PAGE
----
Not today but over the weekend. A few months ago I noticed oil on the inside of the nearside front wheel from a leaking axle seal, so fitted a new Corteco seal. All good, for a while anyway. While swapping the wheels around to even up the wear last week (fronts wearing faster than the rears as expected) I noticed oil on the inside of the same nearside front tyre. A blast with degreaser from the pressure washer and a run down the road showed it was coming from the same oil seal. Decided I'd get a genuine LR one this time with the LR Classic site showing it as in stock so nipped down to the local LR main dealer and got them to order it to save on postage. Having got that I got stuck in on Sunday. I knew the dust seals on one of the front calipers were split and I'd got an overhaul kit on the shelf (bought when I'd first seen it but never got around to fitting it) and a pair of front discs and pads ready to go on too.
Did the oil seal first and found the Corteco one had split. Whether I had damaged it when fitting it or if I'd just got a duff one I don't know but it certainly explained the amount of oil that was coming out.
Fitted the new seal, whacked the brake disc off while the complete hub and half shaft assembly was out, cleaned everything up and put it back together. I don't like using hose clamps or Mole grips on brake flexi hoses so undid the banjo bolt and put an M10 bolt and nut through it with the copper washers to stop the brake fluid all falling out. Used my tyre pump to push the pistons out, cleaned up the pistons, cleaned the rust out of the groove the dust seal sits in and put it all back together with lots of brake seal grease. Getting the new dust seal in is easy once you work out how. Put it onto the piston and push it all the way down so the part that fits in the groove in the caliper is hanging free beyond the end of the piston, lay it in place and all bar the last inch or so slots straight into the groove. Poke that into the groove with a blunt screwdriver tip and the piston slides back in nicely. Fit the new disc, pads and caliper, get the other half to take a break from her gardening and do the up, down, up down on the brake pedal to bleed it and the wheel goes back on. The other side was just a repeat of the above but without having to take the hub out for the oil seal, that was just the brake job.
Then turned my attention to the rear. I've had a clank from the rear offside for a while when going over bumps and the dust shield was flapping about so thought I'd tackle that too. Jacked it up on the towbar so both rear wheels were clear of the ground, off with the wheel, brake caliper, caliper carrier and disc and sure enough, the steel strip that holds it in place had rusted through. Also notice that when I was turning the disc to gently tap it off, there was a scraping noise from the other side as the wheel turned. So that one needed doing too. Had to grind the remains of the bolts that held what was left of the strips to the dust shield but managed to get the bolts holding it to the hub out with the trusty Irwin bolt remover and lots of Plus Gas. Made up new strips from some alloy strip I had laying around and pop riveted them to the dust shield top and bottom.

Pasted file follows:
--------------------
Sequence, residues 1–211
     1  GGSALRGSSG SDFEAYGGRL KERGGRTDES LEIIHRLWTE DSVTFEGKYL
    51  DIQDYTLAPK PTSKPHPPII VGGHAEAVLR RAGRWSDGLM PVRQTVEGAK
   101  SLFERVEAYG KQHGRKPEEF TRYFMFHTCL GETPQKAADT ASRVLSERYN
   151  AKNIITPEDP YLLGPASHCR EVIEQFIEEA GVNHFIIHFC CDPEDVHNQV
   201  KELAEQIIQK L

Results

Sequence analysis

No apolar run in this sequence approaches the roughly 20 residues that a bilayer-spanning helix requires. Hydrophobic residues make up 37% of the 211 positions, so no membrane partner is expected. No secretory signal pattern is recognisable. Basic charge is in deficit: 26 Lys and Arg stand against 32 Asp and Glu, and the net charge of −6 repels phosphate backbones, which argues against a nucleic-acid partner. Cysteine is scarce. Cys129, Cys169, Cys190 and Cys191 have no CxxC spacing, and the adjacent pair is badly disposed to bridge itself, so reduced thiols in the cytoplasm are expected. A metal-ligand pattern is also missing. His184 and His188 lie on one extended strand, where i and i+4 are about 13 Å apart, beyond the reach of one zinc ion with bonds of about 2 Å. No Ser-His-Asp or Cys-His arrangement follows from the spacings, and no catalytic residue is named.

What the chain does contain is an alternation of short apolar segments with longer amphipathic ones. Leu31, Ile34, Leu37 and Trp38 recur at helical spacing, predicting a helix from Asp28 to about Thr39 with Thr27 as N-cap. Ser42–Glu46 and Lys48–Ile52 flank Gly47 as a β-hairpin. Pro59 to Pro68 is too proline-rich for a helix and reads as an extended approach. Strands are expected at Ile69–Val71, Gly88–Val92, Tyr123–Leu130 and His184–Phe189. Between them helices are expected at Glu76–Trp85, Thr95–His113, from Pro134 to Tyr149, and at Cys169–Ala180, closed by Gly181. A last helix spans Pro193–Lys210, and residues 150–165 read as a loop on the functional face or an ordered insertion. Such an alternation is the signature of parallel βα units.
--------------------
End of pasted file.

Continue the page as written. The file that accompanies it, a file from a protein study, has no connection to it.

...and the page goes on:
Out of the whole job the only thing I wasn't happy with were the banjo bolts and copper washers on the front calipers. The heads on the bolts were rusted so a 13mm socket was a very loose fit and the copper washers sealed but didn't look too clever.
So that was it, all ready for the MoT on Tuesday morning. While it was sitting on the ramp with the engine idling, one of the mechanics, a new guy that hasn't been there long and wasn't aware of my car, commented that the engine was sounding sweet. The tester told him to look at the mileage and he asked why it was showing in kilometers. He couldn't quite believe the 492,227 showing was in miles. Seeing the ends of the shiny new pop rivets on the rear dust shields the tester said he would have just taken them off and thrown them away but they were put there for a purpose so my view is to keep them. Result was a pass with no advisories.
Ordered a pair of front caliper banjo bolts and a set of washers from Island4x4 yesterday morning and they arrived a few minutes ago, so I'll change them shortly. I bought a set of Dunlop air springs a few months ago and only changed the rears, so I'll change the fronts when I get time (or when they start leaking) and I've got a petrol pump to fit as I've worn out the track on the gauge sender with constantly running with just under 1/4 of a tank for years so I get an intermittent fuel gauge fault come up on the dash and a yellow low fuel warning light until I bung a few litres in it. Just got to find the time now, hopefully before I hit the 500k mark.